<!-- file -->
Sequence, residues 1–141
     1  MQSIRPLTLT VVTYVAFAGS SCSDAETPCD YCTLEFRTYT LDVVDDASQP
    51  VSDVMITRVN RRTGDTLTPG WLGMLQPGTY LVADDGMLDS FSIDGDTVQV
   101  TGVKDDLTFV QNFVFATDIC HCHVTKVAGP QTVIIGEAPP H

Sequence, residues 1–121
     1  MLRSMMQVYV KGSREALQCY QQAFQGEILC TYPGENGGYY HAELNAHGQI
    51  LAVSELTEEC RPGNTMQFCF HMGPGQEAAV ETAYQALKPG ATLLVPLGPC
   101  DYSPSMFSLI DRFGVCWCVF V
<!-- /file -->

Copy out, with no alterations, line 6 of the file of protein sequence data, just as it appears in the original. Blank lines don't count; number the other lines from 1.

     1  MLRSMMQVYV KGSREALQCY QQAFQGEILC TYPGENGGYY HAELNAHGQI